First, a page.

AMD today announced the Ryzen 5000 C-Series processors, which bring AMD’s Chromebook CPU family up to date with the Zen 3 architecture and 7nm technology. The names of the new CPUs have been shown on the image below. The four new 15W CPUs have up to eight x86 cores and the Radeon RX Vega graphics engine with up to eight GPU cores, which is a first for Chromebooks. Despite a performance priority for what have typically been low-power Chromebooks, AMD says that its chips give nearly twice the battery life of Intel’s Tiger Lake models.
AMD Ryzen 5000 C-Series with Zen 3 CPU Architecture announced:
|BOOSTv /BASEFREQ. (GHz)||GPU CORES||CACHE (MB)|
|AMD Ryzen™ 7 5825C||8C/16T||15W||Up to 4.5GHz/2.0GHz||8||20 MB|
|AMD Ryzen™ 5 5625C||6C/12T||15W||Up to 4.3GHz/2.3GHz||7||19 MB|
|AMD Ryzen™ 3 5425C||4C/8T||15W||Up to 4.1GHz/2.7GHz||6||10 MB|
|AMD Ryzen™ 3 5125C||2C/4T||15W||Up to 3.0GHz/3.0GHz||3||9MB|
The 5000 C-Series chips will address a new higher-tier class of Chromebooks with the most high-end features, such as premium screens and designs, while AMD’s existing 3000 C-Series chips will continue to address mainstream and entry-level tiers.
AMD’s initial entry into Chromebook-specific CPUs was in 2020 with the Ryzen and Athlon 3000 C-Series processors, which used the first-generation Zen architecture and a 14nm technology, thus the move to Zen 3 and 7nm signifies a significant improvement in terms of performance, power consumption, and efficiency.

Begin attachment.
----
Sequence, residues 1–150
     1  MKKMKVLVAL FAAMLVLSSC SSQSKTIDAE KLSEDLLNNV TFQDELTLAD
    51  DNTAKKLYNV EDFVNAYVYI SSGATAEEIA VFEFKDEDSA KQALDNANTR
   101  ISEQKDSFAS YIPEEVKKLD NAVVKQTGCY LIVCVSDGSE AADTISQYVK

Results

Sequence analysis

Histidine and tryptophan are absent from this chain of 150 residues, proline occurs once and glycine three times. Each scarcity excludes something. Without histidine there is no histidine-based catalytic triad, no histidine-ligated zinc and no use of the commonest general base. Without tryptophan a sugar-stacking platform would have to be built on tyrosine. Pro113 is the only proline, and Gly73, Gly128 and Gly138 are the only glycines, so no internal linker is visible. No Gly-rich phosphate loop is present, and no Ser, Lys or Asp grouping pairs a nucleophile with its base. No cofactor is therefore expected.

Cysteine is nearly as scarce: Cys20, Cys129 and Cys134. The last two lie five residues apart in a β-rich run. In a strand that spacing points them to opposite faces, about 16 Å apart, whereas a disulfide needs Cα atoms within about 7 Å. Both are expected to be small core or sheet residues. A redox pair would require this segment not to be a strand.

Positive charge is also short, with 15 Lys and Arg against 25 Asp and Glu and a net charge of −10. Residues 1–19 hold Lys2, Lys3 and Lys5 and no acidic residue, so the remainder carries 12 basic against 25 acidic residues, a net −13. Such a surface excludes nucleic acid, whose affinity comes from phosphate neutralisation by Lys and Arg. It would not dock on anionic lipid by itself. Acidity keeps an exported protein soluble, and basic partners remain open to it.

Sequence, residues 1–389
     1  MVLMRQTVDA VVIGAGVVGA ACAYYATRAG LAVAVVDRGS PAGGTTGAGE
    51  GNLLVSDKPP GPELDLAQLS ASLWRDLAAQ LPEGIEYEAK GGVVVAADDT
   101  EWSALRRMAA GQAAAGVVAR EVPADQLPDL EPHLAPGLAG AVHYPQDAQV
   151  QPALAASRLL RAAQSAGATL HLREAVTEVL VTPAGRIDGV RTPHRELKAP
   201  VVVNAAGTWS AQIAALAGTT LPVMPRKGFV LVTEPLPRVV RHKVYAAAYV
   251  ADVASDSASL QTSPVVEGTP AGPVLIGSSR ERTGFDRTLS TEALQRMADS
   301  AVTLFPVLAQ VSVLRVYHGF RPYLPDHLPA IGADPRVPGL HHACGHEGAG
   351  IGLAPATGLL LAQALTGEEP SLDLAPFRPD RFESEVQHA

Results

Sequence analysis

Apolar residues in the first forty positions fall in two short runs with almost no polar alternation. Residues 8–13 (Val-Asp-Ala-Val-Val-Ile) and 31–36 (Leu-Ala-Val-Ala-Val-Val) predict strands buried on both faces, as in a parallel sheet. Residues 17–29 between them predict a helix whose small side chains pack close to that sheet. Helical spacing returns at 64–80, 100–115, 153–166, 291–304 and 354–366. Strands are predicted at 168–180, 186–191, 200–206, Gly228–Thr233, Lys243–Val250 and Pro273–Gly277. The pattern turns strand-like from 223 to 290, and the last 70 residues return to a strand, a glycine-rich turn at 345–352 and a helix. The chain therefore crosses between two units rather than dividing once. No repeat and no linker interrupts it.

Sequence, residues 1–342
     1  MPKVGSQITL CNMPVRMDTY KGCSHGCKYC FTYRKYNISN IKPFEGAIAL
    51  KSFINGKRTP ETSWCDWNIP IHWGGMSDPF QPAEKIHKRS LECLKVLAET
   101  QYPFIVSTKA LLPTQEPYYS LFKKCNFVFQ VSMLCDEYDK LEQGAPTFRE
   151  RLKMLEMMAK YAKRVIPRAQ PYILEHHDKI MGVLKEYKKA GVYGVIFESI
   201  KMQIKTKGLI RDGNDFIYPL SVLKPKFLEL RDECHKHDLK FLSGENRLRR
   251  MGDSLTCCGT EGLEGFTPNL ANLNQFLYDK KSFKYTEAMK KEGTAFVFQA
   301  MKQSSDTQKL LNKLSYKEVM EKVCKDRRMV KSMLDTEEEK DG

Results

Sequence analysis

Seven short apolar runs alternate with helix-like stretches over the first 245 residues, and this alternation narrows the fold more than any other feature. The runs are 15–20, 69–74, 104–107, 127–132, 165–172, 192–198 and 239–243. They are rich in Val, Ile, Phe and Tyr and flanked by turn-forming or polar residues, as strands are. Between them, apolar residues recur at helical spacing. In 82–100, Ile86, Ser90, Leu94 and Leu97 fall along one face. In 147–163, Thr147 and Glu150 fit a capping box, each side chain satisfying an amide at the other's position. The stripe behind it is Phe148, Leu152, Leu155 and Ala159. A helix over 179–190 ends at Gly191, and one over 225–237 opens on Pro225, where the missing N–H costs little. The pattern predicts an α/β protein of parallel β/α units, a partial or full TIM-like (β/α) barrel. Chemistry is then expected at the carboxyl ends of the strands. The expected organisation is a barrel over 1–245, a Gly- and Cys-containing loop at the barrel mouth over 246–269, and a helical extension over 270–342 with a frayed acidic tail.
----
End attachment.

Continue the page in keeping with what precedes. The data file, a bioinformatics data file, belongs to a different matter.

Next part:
Most of the 15W Ryzen 5000 C-series chips are rebranded copies of AMD’s existing mobile devices, in this case, the Ryzen 5000 U-series, with AMD’s rationale for the new branding being a clear separation of the Windows- and Chromebook-branded processors, as before.
The Chromebook-optimized variations and their U-series siblings have small clock rate variances, with 100 MHz higher CPU boost frequencies swapped for a 100 to 200 MHz reduction in peak GPU clock rates. The Ryzen 3 5125C, on the other hand, is an outlier, as there doesn’t appear to be a dual-core quad-thread counterpart in the existing Ryzen 5000 U-series portfolio.
AMD claims a 7% advantage in Webxprt 3, a 25% advantage in the threaded Geekbench 5 sub-test, and a 10% advantage in the Motion Mark benchmark when compared to the Intel i7-1185G7. When Intel’s Alder Lake-N arrives at an indeterminate date, we may expect this comparison to substantially shift. In the CrXPRT2 battery life benchmark, AMD claims the Ryzen 5 5525C gives up to 94 percent better battery life than the Intel i5-1135G7, which is significant for what has typically been a low-power category with generous battery life (CrXPRT is a Chromebook-specific benchmark from Principled Technologies).
Safe boot, AMD secure processor, and compatibility for Google’s TPM management are among the security features included in AMD’s Ryzen 5000 C-Series.